What Are My Treatment Options For Heel Pain?
Don't let heal pain slow you down!
The heel bone, also known as calcaneus, is the largest of the 26 bones in your foot. When you experience pain in that area, it makes sense why it can be very uncomfortable, even debilitating. Heel pain can be caused by a number of factors with a variety of treatment options. These causes and corresponding treatments are explained in this post by Dr. Richard Lee and Dr. Steven Lin, podiatrists at Alexandria Family Podiatry in Sterling and Alexandria, Virginia.
Many patients who visit their Sterling and Alexandria podiatrist with a chief compaint of heel pain are diagnosed with plantar fasciitis, an inflammation of the ligament that connects the big toe to the heel. The pain usually develops over time in the bottom of the heel and occurs after activity or upon getting out of bed in the morning. Runners and those who spend a lot of time on their feet are at a higher risk of developing plantar fasciitis. Often the problem can be resolved by applying ice to the area, altering the exercise routine and doing stretching exercises at home. However, steroid injections or surgery to detach the ligament may be necessary if conservative treatments fail to bring results.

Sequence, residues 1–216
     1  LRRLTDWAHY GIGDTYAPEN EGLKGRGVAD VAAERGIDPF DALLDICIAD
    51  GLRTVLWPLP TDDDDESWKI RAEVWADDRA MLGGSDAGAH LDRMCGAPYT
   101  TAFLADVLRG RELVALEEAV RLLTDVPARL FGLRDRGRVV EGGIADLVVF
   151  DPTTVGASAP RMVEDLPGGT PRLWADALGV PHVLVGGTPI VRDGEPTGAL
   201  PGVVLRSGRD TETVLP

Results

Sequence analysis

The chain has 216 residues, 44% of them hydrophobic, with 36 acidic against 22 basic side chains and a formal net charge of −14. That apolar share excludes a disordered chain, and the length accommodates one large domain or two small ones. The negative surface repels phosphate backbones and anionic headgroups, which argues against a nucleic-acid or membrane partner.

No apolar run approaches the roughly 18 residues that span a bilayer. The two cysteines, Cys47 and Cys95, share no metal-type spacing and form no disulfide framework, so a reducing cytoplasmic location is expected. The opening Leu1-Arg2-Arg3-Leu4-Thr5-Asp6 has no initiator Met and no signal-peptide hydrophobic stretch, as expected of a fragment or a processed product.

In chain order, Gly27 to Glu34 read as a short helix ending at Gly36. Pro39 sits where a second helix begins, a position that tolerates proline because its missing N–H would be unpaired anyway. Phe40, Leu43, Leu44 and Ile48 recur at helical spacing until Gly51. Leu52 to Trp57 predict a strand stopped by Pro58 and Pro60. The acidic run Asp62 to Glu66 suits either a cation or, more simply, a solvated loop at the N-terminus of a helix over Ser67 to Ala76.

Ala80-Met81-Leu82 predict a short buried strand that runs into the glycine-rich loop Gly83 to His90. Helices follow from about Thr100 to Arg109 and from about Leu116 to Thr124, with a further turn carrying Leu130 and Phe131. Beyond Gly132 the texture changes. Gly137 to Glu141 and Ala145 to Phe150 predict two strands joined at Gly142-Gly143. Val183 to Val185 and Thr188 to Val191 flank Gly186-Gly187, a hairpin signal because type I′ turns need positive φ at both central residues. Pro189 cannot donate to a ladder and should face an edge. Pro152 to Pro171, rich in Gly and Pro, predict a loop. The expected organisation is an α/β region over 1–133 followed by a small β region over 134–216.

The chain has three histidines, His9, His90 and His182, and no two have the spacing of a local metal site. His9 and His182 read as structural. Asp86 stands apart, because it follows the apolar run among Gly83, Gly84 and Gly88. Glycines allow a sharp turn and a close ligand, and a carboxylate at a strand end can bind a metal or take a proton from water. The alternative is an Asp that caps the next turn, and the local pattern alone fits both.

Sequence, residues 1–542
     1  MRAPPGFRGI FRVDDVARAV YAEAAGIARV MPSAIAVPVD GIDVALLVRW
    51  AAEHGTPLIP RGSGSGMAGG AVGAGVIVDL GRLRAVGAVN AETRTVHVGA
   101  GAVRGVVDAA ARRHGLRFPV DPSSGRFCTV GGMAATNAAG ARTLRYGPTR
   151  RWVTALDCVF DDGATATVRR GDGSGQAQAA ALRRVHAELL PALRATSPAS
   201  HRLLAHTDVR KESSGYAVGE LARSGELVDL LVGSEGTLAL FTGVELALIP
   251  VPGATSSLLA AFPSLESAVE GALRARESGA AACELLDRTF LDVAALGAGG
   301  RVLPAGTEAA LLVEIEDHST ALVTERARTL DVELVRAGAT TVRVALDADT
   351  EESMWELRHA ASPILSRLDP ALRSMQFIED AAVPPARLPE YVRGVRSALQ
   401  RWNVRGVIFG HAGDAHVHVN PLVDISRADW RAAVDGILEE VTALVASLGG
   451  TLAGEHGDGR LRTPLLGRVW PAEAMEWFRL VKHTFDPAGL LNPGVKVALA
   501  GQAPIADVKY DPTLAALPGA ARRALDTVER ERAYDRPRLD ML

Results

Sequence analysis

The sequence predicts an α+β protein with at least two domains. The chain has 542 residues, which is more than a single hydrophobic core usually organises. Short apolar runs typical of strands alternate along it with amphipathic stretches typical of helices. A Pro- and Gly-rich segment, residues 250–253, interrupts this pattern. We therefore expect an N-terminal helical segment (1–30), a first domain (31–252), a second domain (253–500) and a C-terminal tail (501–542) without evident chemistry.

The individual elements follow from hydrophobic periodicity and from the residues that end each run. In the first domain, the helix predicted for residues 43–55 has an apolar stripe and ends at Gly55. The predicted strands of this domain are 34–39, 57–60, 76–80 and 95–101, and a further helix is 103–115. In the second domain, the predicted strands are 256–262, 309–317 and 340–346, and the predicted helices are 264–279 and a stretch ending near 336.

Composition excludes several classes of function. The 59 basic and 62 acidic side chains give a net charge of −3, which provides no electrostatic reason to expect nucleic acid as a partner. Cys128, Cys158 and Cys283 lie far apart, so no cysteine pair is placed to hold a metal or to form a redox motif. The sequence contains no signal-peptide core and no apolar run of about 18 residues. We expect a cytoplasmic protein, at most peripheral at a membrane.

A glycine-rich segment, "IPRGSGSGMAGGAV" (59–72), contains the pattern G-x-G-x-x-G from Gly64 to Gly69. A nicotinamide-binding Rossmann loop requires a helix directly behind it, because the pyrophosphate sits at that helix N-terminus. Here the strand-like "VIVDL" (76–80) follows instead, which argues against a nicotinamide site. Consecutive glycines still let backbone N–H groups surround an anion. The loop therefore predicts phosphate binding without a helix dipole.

Another common cause of heel pain seen at Alexandria Family Podiatry in Sterling and Alexandria, Virginia is heel spurs. These abnormal calcium deposits form on the bottom of the heel bone and can be caused by ill-fitting shoes or poor posture. They can also form as a complication of plantar fasciitis. Wearing shoe inserts, called orthotics, rest and physical therapy may help; like other heel-related problems, your Sterling podiatrist typically employs conservative methods before more invasive procedures are recommended.
Breaking your heel bone can happen as a result of a fall or a high-impact car accident. When this happens, patients typically have severe bruising, swelling, and pain when attempting to place weight on the affected foot. Most fractures, including those of the heel bone, will need emergency evaluation. Your foot may be immobilized in a cast or brace to allow the bone to heal. Surgery may be required if the bones have moved out of place.
If you've been dealing with heel pain, don't suffer any longer. Call Alexandria Family Podiatry in Sterling and Alexandria, Virginia to set up an appointment with one of our skilled podiatrists today!